“Drilled formation cuttings:
Approximately 350 cubic meters (350 tonnes) of drilled formation cuttings are generated during the drilling phases of a single (3000 meter deep) shale gas well.

“The responsible disposal of drilled cuttings has been an ongoing drilling industry challenge since its inception in the late 1800’s. In countries with poor environmental governance, drilled cuttings are routinely left dumped in open ‘mud and cuttings pits’ where they blight the local landscape.
More responsible Governments require an environmentally responsible approach to the disposal of cuttings.

“Two such methods are:
1. The slurryfication and re-injection of cuttings into dedicated cuttings injection disposal wells. However this is not considered to be a suitable option for the Karoo region as it requires a permeable, usually shallow formation.
2. Land farming the cuttings. This process first involves heat treating the cuttings to sanitise them. The cuttings are then spread to create thick ‘fields of cuttings’. These fields are routinely turned over and treated with chemicals, until over a period of years they degrade to produce ‘soil’ capable of being planted.

“Imagine, if you will, the 350,000 cubic meters of cuttings generated from the drilling of 1,000 commercial gas wells and the mammoth task involved in their safe and environmentally friendly disposal, to avoid creating a very negative impact on the Karoo landscape.

“Exploration drilling risks to the Karoo aquifer:
This is considered by the writer to be more serious than poor fracking practises or leaking casing cement jobs.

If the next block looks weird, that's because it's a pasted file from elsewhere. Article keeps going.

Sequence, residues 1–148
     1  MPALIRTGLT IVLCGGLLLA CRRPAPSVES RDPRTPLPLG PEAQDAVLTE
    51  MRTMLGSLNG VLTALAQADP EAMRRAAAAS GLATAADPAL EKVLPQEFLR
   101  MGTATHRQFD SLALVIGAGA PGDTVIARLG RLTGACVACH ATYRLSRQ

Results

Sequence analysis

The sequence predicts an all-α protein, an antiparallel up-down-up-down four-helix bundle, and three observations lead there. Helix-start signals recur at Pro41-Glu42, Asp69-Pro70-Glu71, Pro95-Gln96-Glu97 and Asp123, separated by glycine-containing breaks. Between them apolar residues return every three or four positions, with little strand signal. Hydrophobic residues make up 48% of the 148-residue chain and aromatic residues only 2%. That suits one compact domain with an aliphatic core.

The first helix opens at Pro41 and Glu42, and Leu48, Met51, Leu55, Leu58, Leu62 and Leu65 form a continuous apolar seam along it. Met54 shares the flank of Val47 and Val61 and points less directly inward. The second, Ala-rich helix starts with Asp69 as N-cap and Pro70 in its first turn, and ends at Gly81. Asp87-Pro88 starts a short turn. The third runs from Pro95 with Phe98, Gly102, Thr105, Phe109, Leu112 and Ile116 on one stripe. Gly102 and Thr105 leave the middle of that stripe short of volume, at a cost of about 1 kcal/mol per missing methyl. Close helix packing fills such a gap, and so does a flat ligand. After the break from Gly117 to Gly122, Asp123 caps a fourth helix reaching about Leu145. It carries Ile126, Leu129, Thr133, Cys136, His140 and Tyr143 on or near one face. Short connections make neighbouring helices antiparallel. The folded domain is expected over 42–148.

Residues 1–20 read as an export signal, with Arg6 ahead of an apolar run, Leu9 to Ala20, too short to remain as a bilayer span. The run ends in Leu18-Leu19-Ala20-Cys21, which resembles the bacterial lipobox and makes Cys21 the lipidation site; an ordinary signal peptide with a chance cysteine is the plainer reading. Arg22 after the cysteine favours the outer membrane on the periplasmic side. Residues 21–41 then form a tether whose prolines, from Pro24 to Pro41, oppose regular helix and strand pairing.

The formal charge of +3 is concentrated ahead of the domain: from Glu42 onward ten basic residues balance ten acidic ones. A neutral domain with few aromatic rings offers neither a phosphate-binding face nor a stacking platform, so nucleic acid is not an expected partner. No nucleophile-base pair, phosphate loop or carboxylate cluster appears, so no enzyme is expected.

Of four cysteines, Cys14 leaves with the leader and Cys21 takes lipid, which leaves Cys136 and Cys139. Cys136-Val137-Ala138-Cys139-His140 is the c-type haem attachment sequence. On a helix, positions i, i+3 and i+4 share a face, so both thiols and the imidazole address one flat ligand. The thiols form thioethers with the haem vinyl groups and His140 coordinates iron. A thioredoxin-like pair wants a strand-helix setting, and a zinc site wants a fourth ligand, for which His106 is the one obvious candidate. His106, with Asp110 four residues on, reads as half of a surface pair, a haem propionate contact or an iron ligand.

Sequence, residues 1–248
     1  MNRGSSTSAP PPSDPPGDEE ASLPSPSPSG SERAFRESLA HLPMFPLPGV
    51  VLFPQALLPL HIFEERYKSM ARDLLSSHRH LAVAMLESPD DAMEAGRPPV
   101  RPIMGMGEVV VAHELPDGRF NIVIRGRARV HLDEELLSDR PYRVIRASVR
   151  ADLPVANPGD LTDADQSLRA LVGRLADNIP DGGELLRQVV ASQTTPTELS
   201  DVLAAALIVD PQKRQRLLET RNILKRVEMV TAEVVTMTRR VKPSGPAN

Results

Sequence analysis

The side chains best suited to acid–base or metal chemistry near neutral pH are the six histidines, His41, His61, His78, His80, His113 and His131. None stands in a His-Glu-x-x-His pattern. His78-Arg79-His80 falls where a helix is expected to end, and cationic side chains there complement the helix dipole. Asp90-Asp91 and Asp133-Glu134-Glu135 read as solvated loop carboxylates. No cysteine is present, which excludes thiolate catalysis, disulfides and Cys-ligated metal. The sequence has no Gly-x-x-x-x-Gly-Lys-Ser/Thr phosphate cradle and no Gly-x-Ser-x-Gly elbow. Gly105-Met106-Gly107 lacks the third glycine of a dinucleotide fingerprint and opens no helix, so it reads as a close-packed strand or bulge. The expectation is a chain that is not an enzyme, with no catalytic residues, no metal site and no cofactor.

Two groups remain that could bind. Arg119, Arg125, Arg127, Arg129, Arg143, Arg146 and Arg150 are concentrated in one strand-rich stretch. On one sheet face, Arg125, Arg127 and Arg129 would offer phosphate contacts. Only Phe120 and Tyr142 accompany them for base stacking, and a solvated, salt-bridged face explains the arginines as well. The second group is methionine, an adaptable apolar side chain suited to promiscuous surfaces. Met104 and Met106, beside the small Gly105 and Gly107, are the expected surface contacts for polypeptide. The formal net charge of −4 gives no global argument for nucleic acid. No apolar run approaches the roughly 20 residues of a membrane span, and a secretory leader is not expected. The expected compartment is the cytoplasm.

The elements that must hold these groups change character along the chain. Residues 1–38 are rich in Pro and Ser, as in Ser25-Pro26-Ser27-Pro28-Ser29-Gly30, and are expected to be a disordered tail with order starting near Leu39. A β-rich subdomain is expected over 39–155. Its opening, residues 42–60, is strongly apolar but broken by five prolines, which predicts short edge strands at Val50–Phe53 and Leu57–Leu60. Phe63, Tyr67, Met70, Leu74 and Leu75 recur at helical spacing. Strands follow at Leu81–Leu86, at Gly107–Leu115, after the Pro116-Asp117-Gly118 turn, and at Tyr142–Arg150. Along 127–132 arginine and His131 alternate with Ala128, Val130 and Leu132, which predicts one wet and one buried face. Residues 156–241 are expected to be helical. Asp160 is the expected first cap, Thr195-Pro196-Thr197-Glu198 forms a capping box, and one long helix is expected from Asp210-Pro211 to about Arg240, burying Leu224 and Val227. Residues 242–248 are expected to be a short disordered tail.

“During the drilling of each well’s open hole section and prior to setting the steel casing that will eventually line the well, drilling mud is in constant contact with the formation. And because it is necessary for the safety of the well to maintain a hydrostatic mud column overbalance pressure greater than the formation pressure by using a weighted drilling mud, seepage losses occur into open porous formations (such as the Karoo aquifer) as each is penetrated. These seepage losses (containing chemicals in the mud) continue and only stop only after the open hole section is successfully cased off.

“Equally, but perhaps more dangerous than chemicals seeping into the formation and Karoo aquifer, is the potential transfer into the Karoo aquifer of bacteria colonies known to flourish in every type of drilling mud. This is something that will only become evident years after drilling has stopped.

“For example: the unintentional introduction of bacteria into wells in the Red Sea in Egypt, resulted in later years in wells producing high concentrations of H2S (hydrogen sulphide) where none had existed in the early drilling phase. Hydrogen sulphide is a very corrosive compound potentially fatal to livestock and humans in concentrations above 25 ppm in air.

“Post drilling:
After a well has been completed and the rig is removed from the site, it would be logical to believe the rig site will be returned to it’s original pre-drill state. However, many rig site pads will remain un-rehabilitated, primarily because the Operator presents a convincing argument that the existing rig site may be required for future well work-overs. A work- over is a process involving the re-establishment of a rig over an old, no longer productive or a problem well to recover and replace defective down hole equipment such as leaking packers, gravel packs and corroded tubing strings, and possibly re-fracking the well if this is considered necessary to return it to a producing state.”